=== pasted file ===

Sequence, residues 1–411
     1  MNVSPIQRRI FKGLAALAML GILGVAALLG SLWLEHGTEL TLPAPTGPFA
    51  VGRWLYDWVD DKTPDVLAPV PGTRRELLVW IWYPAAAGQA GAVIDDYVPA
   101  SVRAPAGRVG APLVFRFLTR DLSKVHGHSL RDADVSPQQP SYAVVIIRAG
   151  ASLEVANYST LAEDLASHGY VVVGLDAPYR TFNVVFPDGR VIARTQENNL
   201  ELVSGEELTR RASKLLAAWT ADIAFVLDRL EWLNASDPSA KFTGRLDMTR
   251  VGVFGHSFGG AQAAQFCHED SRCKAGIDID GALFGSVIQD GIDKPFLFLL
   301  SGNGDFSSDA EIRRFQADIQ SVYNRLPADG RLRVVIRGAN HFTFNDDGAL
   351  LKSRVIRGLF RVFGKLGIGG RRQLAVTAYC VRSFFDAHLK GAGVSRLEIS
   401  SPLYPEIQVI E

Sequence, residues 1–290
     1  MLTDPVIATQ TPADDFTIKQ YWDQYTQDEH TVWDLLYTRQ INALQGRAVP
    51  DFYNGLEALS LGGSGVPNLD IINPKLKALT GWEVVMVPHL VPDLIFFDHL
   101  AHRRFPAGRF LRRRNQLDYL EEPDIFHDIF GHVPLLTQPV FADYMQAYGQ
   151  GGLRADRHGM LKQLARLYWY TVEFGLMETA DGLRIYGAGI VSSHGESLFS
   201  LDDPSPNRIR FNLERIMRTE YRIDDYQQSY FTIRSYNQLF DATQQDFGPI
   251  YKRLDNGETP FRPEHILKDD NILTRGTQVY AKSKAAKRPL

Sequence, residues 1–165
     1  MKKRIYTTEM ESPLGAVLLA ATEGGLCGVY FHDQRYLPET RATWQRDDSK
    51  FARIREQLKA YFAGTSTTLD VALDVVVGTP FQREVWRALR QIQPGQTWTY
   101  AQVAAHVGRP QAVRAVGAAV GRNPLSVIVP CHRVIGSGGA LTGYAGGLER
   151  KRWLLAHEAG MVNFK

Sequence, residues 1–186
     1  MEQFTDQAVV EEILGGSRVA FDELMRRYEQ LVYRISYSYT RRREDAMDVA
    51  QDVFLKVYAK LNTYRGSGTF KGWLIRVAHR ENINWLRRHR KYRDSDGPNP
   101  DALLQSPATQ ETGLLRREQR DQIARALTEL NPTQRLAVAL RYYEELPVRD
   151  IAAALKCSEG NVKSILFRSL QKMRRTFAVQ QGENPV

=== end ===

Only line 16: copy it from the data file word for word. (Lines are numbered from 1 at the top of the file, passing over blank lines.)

   201  LDDPSPNRIR FNLERIMRTE YRIDDYQQSY FTIRSYNQLF DATQQDFGPI